Paul Ellwood and Alain Enthoven; the moderate Democrats'
Progressive Policy Institute; and House Democrats like Jim Cooper
and the Conservative Democratic Forum. So too do conservative
and libertarian advocates of medical reform, such as the
Washington-based Heritage Foundation and the Dallas-based
National Center for Policy Analysis.
If change in the tax treatment of medical insurance benefits
is politically off the table, then what's left? Logically, only
an expansion of the current employer-based system to include the
now uninsured at a huge cost of billions, coupled with price
controls to partially offset this new huge cost, giving the
public the illusion of cost containment while increasing costs in
the form of new taxation and shortages of quality service. But
price controls are not a reform of the system, whatever else they
are. Thus, all of the current incentives that drive up costs
will be left in place, the markets will remain distorted by the
federal tax code, and the insurance and medical markets will be
distorted even further by price controls. The effect of price
controls will be the same as ever: capital investment and labor
shifts to uncontrolled markets and a decline in the quality and
quantity of medical services. A legal guarantee of access to
health care is really a legal fiction of access, as in Canada,
with fewer medical services available to meet a rising demand.
Capitol Hill observers are now increasingly convinced that
Clinton will come forward with a comprehensive price control
strategy with global budgets for public and private spending. In
separate meetings with Congressional officials, HHS Secretary
Donna Shalala said that price controls were on the table. While
this strategy may be initially popular with the public-surveys
show repeatedly that the general public is convinced that high
cost of health care is traceable to greed, waste, and fraud (by
doctors, hospitals, insurers, pharmaceutical companies, you name
it)-it will compromise Clinton's position with advocates of
``managed competition'' in Congress, including many conservative
Democrats, and possibly realign them with Republicans in both the
House and Senate who are steadfastly opposed to a price control
regime. The main objective of the ``managed competition''
proponents, after all, is ``price competition'' rather than
broader competition on a wide range of insurance benefits rated
by risk. But the very idea of mixing price controls and ``price
competition'' is absurd.
Moderate and conservative members of Congress can withstand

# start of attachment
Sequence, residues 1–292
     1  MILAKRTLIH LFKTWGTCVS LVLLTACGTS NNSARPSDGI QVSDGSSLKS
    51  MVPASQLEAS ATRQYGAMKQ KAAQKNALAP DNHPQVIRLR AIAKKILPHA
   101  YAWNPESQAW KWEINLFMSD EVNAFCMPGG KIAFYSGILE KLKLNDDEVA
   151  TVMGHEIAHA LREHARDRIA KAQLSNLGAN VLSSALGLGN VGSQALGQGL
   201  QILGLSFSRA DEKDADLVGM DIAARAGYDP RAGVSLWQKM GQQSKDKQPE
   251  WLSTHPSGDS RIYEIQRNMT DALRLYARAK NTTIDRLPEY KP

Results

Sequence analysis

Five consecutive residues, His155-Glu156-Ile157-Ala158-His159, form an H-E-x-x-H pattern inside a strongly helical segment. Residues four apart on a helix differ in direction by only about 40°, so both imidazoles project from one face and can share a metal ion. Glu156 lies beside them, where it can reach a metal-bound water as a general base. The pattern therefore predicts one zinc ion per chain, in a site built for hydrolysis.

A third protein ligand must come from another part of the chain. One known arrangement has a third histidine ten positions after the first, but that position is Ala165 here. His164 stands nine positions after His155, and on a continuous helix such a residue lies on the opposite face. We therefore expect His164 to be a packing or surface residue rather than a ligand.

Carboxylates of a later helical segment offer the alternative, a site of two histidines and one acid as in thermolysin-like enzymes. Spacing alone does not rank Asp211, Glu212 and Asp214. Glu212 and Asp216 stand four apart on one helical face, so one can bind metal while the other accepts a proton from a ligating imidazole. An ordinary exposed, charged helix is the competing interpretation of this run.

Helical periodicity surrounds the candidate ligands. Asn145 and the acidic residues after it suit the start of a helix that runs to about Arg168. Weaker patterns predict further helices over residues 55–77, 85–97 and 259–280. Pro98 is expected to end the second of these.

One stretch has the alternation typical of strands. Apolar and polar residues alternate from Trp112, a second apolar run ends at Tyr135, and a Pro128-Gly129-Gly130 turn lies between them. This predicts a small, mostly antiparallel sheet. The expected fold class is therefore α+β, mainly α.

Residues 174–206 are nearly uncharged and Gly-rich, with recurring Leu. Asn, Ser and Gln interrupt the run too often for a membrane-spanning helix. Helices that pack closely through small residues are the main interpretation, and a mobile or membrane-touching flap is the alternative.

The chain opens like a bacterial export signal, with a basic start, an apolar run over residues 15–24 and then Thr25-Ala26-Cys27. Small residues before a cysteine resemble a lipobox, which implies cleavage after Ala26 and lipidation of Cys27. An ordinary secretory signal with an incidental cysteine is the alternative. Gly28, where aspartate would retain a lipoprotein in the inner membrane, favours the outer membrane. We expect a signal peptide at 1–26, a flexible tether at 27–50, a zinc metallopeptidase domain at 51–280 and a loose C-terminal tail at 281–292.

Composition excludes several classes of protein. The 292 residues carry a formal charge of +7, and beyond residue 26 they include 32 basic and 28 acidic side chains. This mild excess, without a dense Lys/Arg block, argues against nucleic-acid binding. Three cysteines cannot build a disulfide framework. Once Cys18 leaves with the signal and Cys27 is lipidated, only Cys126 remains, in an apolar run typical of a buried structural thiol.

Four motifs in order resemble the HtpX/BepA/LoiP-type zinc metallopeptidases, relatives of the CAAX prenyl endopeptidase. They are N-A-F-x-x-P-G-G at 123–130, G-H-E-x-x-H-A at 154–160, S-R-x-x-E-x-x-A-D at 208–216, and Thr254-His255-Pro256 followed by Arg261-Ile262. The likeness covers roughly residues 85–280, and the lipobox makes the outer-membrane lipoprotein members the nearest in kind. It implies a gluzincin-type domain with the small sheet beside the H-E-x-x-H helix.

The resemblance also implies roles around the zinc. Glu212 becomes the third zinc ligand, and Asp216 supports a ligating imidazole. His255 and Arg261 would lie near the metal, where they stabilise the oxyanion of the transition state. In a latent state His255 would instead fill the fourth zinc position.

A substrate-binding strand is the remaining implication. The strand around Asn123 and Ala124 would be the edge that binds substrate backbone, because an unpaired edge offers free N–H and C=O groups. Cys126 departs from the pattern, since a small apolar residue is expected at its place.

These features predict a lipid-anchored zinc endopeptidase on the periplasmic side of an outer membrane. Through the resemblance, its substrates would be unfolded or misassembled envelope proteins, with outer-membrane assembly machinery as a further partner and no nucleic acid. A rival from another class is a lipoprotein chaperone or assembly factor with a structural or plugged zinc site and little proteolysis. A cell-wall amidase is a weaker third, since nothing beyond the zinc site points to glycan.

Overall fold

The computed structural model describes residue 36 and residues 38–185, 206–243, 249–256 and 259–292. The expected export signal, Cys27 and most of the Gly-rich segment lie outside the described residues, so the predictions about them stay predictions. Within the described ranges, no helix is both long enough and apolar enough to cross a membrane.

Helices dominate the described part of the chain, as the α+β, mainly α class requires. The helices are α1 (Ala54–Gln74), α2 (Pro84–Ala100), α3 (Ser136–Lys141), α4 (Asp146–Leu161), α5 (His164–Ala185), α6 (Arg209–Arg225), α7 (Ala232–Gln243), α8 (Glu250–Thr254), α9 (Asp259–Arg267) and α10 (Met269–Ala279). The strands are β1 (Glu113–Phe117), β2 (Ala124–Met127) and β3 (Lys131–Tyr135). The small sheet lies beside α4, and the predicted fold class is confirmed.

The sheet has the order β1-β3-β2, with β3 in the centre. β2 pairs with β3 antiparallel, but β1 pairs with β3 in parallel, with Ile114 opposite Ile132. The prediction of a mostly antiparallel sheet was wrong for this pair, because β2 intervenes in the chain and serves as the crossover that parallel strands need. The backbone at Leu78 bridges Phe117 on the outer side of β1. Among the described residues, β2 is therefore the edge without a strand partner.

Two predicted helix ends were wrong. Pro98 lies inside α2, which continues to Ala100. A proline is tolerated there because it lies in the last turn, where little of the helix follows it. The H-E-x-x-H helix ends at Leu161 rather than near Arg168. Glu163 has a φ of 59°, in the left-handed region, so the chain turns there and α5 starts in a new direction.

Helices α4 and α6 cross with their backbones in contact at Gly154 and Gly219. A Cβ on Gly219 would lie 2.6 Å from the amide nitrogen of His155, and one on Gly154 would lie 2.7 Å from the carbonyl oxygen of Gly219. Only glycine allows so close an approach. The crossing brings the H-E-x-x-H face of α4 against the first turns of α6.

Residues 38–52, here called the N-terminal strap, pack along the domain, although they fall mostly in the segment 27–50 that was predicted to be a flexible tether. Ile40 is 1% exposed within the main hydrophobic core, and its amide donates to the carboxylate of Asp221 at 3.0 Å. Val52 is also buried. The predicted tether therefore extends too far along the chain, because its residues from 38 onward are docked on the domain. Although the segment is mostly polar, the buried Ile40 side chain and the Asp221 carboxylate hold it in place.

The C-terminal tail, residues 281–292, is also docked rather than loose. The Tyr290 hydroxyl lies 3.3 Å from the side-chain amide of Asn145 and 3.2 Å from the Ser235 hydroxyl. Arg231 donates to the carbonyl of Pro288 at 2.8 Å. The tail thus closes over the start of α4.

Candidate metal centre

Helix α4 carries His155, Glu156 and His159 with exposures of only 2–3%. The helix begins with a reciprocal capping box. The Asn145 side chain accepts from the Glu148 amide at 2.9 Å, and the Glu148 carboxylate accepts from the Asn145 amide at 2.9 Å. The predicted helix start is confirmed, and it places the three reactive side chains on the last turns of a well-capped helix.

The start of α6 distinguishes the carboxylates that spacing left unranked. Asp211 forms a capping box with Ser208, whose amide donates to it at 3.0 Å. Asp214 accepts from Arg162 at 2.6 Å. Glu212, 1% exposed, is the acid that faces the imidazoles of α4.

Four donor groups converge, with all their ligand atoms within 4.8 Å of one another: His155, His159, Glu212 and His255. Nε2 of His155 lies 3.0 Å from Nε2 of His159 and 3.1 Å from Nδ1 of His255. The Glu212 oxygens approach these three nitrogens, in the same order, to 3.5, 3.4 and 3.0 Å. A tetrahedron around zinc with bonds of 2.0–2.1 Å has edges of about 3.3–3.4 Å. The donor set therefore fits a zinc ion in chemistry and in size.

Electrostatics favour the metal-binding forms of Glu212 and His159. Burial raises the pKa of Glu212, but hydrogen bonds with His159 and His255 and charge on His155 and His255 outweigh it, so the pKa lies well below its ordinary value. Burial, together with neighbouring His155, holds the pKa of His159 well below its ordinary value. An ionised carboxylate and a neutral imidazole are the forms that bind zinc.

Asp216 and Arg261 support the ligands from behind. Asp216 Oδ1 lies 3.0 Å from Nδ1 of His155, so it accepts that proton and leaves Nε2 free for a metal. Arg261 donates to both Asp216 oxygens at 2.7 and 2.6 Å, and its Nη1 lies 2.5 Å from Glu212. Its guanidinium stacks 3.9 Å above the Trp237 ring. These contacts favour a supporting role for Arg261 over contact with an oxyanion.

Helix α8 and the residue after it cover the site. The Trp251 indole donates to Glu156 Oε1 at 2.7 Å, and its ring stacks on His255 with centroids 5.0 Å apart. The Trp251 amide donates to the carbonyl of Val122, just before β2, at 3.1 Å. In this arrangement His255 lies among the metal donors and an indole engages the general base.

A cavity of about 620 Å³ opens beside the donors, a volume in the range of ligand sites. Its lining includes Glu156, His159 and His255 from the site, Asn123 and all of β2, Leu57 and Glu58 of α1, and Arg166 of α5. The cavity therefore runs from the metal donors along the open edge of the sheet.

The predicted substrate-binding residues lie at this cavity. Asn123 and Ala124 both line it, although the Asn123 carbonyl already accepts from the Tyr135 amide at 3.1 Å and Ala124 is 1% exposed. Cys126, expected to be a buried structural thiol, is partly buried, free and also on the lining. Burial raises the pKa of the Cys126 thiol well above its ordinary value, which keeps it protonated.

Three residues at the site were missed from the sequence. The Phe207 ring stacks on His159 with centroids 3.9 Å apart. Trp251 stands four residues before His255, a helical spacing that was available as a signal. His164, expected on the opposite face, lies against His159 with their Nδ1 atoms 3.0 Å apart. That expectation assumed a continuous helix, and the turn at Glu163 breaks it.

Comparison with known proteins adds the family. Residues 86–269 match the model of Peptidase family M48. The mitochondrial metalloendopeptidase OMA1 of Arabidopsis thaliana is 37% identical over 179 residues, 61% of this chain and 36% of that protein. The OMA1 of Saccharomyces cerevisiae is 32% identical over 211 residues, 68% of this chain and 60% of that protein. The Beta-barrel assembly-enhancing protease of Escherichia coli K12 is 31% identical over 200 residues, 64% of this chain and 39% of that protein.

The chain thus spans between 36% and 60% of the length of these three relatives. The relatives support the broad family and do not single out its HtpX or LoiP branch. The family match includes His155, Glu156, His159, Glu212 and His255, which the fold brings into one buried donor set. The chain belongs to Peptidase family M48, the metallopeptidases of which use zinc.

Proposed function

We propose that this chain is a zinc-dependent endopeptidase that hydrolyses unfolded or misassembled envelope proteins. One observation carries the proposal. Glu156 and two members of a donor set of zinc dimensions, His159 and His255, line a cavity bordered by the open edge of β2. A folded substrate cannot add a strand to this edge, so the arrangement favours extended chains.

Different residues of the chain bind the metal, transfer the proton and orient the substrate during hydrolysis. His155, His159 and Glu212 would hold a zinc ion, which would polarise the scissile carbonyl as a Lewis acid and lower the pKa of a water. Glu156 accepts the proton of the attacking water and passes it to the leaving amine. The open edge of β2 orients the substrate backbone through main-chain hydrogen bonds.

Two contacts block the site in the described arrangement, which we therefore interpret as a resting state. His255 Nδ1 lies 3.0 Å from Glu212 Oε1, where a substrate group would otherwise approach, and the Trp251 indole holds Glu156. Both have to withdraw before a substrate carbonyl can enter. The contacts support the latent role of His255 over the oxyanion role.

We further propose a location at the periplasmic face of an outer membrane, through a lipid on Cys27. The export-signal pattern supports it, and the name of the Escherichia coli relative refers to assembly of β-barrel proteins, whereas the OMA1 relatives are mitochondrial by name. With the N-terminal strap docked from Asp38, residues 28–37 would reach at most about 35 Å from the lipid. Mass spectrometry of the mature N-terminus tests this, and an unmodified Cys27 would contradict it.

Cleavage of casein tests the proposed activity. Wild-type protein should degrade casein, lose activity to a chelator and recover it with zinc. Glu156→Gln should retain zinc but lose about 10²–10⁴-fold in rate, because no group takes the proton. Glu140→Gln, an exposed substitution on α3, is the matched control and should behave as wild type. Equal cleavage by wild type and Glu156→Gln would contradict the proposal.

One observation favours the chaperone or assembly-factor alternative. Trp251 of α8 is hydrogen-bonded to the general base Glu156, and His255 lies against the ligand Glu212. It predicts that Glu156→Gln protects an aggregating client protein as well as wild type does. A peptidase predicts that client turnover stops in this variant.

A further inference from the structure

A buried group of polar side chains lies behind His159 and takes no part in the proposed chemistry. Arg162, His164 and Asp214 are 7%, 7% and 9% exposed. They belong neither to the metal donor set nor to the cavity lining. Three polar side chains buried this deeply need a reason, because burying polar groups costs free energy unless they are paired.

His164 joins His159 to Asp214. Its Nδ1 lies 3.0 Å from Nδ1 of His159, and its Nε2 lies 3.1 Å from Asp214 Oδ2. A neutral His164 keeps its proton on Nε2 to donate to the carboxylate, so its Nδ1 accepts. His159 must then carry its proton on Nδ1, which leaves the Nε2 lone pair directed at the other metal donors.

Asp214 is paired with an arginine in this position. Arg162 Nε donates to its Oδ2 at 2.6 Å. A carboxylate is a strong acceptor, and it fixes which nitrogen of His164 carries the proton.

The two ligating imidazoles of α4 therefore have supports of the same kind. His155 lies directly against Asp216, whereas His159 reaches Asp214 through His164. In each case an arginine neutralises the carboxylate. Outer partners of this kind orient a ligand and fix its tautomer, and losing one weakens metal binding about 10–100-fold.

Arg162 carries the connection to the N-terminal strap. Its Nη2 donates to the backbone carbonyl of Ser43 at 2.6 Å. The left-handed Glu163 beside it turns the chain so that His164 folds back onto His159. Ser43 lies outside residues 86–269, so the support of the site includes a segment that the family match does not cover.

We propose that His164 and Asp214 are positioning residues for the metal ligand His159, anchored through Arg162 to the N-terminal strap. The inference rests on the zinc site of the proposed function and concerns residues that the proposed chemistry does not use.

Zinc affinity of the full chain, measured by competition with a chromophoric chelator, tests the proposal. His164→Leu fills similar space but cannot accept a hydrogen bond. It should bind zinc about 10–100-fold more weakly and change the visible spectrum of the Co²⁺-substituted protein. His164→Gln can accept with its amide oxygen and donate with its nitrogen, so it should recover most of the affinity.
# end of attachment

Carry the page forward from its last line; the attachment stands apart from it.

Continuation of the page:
the assault of statist initiatives, including price controls, and
fight back and win. Last year, after all, the pharmaceutical
companies defeated the politically attractive Pryor amendment,
making a strong counter case, backed up with solid information
(see Legislative Alert, May, 1992). But they can't do it if the
spokesmen for the private health care system, including
pharmaceuticals, hospital associations, and organized medicine,
cut the political legs out from under them. Incredibly, in the
face of the Clinton Administration attacks on the pharmaceutical
industry this past month, Mitch Daniels of the Eli Lilly Co.
suggested, according to the Wall Street Journal, that the best
strategy for the industry was one of ``pre-emptive surrender.''
If a Clinton proposal for comprehensive price controls runs into
a sea of white flags before a political shot is fired, advocates
of private medical practice can hang it up.
Is Managed Competition in Trouble?
Is managed competition just the latest health care reform
fad, destined to go the way of Canadian national health insurance
and ``play or pay''? It depends.
A growing problem for the orthodox managed competition
school is that there are a growing number of sects and creeds and
heresies that march under the same banner and are challenging the
orthodox for the allegiance of the ``managed competition
The idea is most closely associated with Professor Alain
Enthoven, Professor of Public and Private Management in the
Graduate School of Business at Stanford University and Paul
Ellwood, MD, a Clinical Professor of Neurology, Pediatrics, and
Physicial Medicine and Rehabilitation at the University of
Minnesota. Dr. Ellwood is also the President and CEO of the
Jackson Hole Group, the intellectual center of the managed
competition approach to health care reform.
Another form of the managed competition school is the Gara-
mendi Plan, a health care reform proposal designed by John
Garamendi, California Insurance Commissioner. In the Garamendi
proposal, employers are taxed on a per capita basis for each
employee in their company, and the proceeds of this taxation are
distributed to a health care purchasing cooperative. The
cooperative then contracts with a number of health care plans.
Those health care plans will provide a standard benefits package
to the companies' employees and their families.
An increasing number of politicians have their own special
intepretations of ``managed competition.'' Bill and Hillary, for
example, claim to be believers, even though they apparently favor
global budgets and price controls. So too does the Progressive
Policy Institute, which has perhaps the most ``market oriented